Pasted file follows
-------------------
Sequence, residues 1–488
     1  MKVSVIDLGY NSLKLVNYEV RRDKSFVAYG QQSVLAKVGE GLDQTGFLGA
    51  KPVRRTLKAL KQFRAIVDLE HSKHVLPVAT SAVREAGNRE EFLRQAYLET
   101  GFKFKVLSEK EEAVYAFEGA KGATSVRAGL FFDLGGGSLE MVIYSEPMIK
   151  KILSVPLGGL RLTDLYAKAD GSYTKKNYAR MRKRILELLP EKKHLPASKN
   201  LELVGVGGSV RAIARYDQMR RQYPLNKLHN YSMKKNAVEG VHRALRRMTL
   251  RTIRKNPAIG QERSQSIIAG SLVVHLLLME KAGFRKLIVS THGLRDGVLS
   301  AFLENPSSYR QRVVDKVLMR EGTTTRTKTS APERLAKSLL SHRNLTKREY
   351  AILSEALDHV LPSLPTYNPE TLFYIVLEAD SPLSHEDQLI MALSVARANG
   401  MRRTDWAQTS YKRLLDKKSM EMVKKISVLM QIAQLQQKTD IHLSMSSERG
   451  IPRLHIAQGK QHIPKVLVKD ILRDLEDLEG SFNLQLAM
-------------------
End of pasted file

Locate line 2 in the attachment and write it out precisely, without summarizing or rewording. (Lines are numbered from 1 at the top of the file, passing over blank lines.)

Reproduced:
     1  MKVSVIDLGY NSLKLVNYEV RRDKSFVAYG QQSVLAKVGE GLDQTGFLGA